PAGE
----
USPS' federal ID exchange will run on HP Enterprise Cloud
- By Rutrell Yasin
- Oct 03, 2013
The federal online identity exchange being tested by the U.S. Postal Service and six other agencies will run on Hewlett Packard’s Enterprise Cloud Services, a cloud infrastructure platform that has received FedRAMP authorization, company officials reported.
The Federal Cloud Credential Exchange (FCCX) will be a federated identity management hub that will let agencies accept online credentials issued by trusted third parties. The goal is to offload from agencies the burden of managing usernames and passwords and allow citizens to use log-in credentials that have been issued by another organization they already do business with. In August, USPS selected SecureKey Technologies to provide a cloud-based platform for the pilot.
And this week, SecureKey selected HP as a subcontractor to provide cloud services for the new authentication infrastructure, hosting SecureKey's briidge.net Exchange for the implementation of FCCX.
As part of the HP Converged Cloud portfolio, HP Enterprise Cloud Services provides the benefits of a pay-as-you-use infrastructure without sacrificing the security required for mission-critical workloads, company officials said. In June, HP officials announced that HP Enterprise Cloud Services had been granted provisional approval to offer cloud services under the FedRAMP security program.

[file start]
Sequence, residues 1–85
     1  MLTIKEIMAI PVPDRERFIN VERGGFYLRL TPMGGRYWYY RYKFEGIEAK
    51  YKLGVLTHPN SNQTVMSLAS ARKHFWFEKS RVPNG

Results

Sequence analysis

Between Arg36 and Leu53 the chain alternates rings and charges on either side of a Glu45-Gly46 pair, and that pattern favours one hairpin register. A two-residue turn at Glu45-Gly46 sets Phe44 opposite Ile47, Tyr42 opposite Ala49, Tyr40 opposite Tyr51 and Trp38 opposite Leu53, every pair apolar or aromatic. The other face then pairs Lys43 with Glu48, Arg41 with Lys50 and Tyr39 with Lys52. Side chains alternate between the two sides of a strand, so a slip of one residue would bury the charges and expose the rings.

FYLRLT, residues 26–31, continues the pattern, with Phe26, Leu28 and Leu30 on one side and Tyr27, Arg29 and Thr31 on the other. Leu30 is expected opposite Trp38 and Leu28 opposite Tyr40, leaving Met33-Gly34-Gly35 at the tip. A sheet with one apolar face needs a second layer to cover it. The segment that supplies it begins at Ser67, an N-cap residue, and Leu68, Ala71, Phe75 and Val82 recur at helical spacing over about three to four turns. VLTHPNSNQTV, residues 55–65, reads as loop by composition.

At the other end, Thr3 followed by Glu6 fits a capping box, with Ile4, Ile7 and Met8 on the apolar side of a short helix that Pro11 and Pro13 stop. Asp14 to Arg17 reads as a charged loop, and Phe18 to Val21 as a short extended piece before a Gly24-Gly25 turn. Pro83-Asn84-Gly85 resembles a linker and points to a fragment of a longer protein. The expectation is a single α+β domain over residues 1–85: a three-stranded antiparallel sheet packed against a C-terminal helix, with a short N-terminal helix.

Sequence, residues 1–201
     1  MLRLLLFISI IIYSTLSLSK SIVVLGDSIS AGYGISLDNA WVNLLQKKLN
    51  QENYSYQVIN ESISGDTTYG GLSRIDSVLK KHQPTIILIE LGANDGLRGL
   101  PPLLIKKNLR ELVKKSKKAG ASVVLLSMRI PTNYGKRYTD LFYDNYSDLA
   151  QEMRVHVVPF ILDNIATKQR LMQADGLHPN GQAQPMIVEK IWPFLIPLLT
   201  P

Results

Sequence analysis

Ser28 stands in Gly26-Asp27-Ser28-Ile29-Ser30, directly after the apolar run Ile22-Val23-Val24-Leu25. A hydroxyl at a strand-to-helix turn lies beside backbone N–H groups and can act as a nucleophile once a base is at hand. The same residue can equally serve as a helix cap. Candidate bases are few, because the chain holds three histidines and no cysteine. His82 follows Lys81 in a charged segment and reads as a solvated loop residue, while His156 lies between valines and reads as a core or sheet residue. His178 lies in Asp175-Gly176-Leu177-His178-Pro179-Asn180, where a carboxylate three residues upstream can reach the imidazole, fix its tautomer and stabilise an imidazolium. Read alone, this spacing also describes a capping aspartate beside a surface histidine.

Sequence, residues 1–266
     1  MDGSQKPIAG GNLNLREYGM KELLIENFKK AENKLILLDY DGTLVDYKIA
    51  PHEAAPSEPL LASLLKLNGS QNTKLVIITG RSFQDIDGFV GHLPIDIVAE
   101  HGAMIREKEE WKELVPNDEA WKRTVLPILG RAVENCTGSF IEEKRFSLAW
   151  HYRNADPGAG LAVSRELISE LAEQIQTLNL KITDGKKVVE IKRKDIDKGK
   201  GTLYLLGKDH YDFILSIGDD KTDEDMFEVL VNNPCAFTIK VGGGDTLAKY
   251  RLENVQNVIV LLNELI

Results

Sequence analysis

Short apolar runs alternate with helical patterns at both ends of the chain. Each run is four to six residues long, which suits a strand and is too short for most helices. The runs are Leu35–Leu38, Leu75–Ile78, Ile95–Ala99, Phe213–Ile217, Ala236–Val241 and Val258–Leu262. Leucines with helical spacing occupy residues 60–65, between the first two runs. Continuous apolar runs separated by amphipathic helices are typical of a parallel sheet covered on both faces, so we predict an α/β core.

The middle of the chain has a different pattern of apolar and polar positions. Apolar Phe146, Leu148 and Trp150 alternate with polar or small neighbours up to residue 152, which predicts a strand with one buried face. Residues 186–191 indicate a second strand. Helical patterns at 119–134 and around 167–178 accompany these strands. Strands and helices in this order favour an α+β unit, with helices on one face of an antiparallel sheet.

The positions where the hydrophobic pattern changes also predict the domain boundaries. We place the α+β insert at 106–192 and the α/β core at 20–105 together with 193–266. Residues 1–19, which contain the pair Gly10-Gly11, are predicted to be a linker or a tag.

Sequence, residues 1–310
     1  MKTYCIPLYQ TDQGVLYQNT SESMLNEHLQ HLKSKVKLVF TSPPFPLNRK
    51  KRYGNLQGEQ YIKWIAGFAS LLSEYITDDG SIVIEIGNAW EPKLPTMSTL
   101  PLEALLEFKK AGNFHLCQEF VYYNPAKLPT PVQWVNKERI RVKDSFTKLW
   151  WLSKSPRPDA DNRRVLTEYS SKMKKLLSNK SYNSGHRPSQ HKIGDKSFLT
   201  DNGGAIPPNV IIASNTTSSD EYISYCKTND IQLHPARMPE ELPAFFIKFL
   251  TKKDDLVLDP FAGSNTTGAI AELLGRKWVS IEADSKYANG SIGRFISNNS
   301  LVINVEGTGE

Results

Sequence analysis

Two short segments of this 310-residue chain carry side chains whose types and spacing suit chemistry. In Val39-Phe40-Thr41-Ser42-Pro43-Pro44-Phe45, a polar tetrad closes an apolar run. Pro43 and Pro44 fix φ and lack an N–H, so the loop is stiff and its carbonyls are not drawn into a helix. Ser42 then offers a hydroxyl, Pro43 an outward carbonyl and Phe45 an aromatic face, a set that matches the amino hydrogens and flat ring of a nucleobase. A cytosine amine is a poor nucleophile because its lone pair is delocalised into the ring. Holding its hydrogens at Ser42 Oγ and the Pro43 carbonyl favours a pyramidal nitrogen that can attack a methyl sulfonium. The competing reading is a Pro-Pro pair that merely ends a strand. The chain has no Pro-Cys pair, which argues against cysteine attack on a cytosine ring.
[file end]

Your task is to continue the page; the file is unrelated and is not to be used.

FedRAMP provides a standard approach for security assessment, authorization and continuous monitoring of cloud products and services. Vendors look to partner with cloud service providers that have FedRAMP authorization because all cloud products and services used by federal agencies will have to comply with the program’s security requirements by June 2014. To date, nine cloud providers have been granted either provisional or agency authority to operate under the FedRAMP program, including Akamai, Amazon Web Services, AT&T, Autonomic Resources, CGI Federal, HP, Lockheed Martin, Microsoft and The Agriculture Department’s National Information Technology Center.
Rutrell Yasin is senior editor for GCN covering cloud computing.